I work close with many organizations and non-profits that support cancer research and assistance since I am employed by the American Cancer Society. I think volunteer work brings out a different light in people!

  4. says

    What an awesome charity…It is such a great thing to give back to the community that you live in.

    In Memphis, I support St. Jude Children’s Research Hospital with $$ and platelets. It is such an amazing cause and a great asset to my community.

  5. says

    What an interesting post! I’ve heard of these folks, so it’s great to see what they’re up to.

    I’d love to see something similar done here:

    In terms of non-profits, I donate to a number of organizations all having to do with children including Hope House, Kids In Distress, Covenant House, The Elyria Comic Initiative, and Operation Liftoff to name a few. If you’d like more information on any of these groups, please let me know. They can always use help!

    You can read about my adventures volunteering at a local childrens’ shelter here:

  6. says

    I’ve loved what they’re doing for Richmond ever since I lived right down the street from Manchester at the end of Semmes Ave. (Sidenote: Both my pups hail from the streets of Manchster, too.)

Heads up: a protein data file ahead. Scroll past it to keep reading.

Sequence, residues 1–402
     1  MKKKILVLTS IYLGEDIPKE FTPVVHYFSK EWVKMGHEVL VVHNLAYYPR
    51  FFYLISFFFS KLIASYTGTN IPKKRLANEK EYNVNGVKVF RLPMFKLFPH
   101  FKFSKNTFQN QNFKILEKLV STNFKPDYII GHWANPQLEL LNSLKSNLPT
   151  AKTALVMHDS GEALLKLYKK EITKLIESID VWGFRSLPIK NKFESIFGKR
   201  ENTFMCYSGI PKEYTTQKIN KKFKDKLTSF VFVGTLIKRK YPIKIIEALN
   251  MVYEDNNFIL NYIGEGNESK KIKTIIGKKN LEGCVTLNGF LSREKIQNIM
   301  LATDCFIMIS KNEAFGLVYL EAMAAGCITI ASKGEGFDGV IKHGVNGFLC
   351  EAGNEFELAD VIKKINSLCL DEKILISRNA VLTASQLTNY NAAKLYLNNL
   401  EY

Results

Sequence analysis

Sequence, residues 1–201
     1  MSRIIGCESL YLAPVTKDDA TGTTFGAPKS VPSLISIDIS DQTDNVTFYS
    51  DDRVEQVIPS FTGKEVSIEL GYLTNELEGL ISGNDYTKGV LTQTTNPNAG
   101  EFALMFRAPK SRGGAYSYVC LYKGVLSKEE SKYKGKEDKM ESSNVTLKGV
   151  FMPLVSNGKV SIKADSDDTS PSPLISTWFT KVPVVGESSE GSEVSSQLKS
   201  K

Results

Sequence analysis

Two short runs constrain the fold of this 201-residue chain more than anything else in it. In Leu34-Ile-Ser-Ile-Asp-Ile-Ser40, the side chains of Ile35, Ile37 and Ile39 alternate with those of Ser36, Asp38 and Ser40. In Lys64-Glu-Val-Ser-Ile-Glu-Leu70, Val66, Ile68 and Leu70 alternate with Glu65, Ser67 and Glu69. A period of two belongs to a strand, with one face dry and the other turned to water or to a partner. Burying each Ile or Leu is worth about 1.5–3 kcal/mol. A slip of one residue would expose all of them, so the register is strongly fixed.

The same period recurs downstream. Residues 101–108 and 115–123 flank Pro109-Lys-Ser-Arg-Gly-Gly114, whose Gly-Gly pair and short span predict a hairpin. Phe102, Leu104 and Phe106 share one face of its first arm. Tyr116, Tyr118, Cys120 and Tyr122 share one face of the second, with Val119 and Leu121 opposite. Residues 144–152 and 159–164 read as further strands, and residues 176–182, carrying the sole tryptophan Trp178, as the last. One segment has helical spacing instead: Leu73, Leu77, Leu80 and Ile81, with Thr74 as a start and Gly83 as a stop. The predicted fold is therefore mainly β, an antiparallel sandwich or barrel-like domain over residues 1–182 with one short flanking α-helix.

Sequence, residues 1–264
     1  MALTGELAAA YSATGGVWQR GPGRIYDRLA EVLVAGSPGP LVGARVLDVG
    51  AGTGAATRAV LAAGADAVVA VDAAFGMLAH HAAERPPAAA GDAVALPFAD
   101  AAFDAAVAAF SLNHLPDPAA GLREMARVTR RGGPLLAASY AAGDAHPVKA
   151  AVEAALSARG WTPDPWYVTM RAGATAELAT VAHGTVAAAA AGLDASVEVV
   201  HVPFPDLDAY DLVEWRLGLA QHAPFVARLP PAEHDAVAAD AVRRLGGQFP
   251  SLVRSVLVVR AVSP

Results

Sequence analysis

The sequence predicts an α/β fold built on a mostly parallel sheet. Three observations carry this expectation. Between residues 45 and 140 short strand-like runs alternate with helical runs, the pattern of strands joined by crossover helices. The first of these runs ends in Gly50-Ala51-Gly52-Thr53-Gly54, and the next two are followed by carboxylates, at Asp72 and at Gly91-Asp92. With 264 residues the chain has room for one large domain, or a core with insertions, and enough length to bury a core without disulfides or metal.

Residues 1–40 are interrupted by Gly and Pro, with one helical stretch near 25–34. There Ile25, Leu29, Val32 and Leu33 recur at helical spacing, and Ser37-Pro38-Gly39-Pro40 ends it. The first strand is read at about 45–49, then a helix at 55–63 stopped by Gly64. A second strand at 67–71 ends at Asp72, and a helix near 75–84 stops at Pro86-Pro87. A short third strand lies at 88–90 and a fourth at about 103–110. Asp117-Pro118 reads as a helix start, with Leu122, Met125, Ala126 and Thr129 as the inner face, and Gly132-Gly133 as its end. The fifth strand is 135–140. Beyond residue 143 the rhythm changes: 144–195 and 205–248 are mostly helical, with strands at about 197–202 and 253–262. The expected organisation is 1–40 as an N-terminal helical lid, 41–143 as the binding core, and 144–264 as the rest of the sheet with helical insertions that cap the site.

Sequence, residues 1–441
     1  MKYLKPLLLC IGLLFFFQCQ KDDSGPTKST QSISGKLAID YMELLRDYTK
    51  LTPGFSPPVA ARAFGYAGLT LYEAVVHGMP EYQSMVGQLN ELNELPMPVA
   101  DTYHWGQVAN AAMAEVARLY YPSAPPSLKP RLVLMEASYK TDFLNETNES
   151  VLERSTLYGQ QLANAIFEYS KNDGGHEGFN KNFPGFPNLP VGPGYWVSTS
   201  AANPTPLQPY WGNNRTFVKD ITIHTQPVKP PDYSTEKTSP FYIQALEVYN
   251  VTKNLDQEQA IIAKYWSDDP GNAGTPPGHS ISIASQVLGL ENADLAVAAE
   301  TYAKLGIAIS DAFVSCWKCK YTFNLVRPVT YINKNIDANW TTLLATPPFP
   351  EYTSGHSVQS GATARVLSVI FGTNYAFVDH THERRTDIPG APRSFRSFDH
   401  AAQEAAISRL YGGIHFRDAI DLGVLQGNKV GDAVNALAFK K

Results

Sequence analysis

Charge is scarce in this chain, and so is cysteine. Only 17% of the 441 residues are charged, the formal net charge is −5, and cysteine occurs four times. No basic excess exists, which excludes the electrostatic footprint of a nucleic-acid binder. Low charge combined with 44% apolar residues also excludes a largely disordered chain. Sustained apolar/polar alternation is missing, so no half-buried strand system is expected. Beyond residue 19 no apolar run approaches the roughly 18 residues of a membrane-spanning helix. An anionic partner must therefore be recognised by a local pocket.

Church Hill and Union Hill are doing great, and I’m hoping that the Manchester area will continue to develop. They’ve got such a cute downtown block or two that really could be like a mini-Carytown.

    In Alexandria VA my fave group is the Carpenter Shelter, a homeless shelter that offers childcare, tutoring (children and adults) and resume/job interviewing prep services to help the adults get back out in the working world. They’re taking a holistic approach to cure the ailment rather than treat the surface wounds, so to speak.

  7. says

    I agree with Amanda V- your story is so inspiring and the before and after pictures are wonderful. What a great job these people did for the homes and the people in the community. Great story.

  8. says

    I work on Habitat for Humanity homes every summer. It is fun, you learn things about home construction, and a nice family gets a new house….talk about an all around winning situation.

  9. says